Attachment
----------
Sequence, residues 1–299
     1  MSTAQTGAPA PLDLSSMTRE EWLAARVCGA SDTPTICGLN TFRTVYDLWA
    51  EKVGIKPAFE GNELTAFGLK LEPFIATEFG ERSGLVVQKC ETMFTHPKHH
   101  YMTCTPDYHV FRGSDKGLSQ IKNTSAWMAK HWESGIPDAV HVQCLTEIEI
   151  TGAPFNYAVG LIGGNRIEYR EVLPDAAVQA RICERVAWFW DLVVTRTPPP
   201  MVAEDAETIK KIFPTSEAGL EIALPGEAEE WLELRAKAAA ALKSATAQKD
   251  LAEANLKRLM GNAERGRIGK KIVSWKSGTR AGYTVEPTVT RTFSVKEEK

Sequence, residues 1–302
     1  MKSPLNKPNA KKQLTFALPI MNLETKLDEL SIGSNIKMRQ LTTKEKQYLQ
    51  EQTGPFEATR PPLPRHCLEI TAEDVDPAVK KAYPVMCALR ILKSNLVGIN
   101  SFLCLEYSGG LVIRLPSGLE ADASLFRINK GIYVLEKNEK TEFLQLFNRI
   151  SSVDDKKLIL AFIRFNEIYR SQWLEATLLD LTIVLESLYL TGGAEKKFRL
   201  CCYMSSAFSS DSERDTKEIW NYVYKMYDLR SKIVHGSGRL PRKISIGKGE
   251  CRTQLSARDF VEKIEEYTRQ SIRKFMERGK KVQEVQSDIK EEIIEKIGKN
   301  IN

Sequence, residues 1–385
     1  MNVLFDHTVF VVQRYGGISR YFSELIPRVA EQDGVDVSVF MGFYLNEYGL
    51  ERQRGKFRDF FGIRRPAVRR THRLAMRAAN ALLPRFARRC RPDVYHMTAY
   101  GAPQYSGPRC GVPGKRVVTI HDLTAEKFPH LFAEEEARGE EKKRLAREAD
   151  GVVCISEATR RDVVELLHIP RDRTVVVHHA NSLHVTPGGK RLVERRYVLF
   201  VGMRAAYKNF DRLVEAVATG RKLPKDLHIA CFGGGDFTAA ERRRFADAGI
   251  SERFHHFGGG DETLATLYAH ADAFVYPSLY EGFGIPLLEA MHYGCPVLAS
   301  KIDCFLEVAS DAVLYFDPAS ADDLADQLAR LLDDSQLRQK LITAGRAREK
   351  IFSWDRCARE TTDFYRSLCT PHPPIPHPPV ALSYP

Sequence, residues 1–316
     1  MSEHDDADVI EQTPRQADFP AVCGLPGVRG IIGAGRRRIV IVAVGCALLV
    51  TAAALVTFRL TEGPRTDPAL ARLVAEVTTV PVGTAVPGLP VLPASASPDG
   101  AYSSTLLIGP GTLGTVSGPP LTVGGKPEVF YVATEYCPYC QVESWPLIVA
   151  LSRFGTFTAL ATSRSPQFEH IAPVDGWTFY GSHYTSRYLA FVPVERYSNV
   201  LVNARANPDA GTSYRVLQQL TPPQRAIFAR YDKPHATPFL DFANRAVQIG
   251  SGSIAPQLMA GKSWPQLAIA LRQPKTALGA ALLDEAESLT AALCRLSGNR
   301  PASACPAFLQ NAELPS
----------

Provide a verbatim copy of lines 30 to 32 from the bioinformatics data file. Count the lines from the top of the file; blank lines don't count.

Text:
   201  LVNARANPDA GTSYRVLQQL TPPQRAIFAR YDKPHATPFL DFANRAVQIG
   251  SGSIAPQLMA GKSWPQLAIA LRQPKTALGA ALLDEAESLT AALCRLSGNR
   301  PASACPAFLQ NAELPS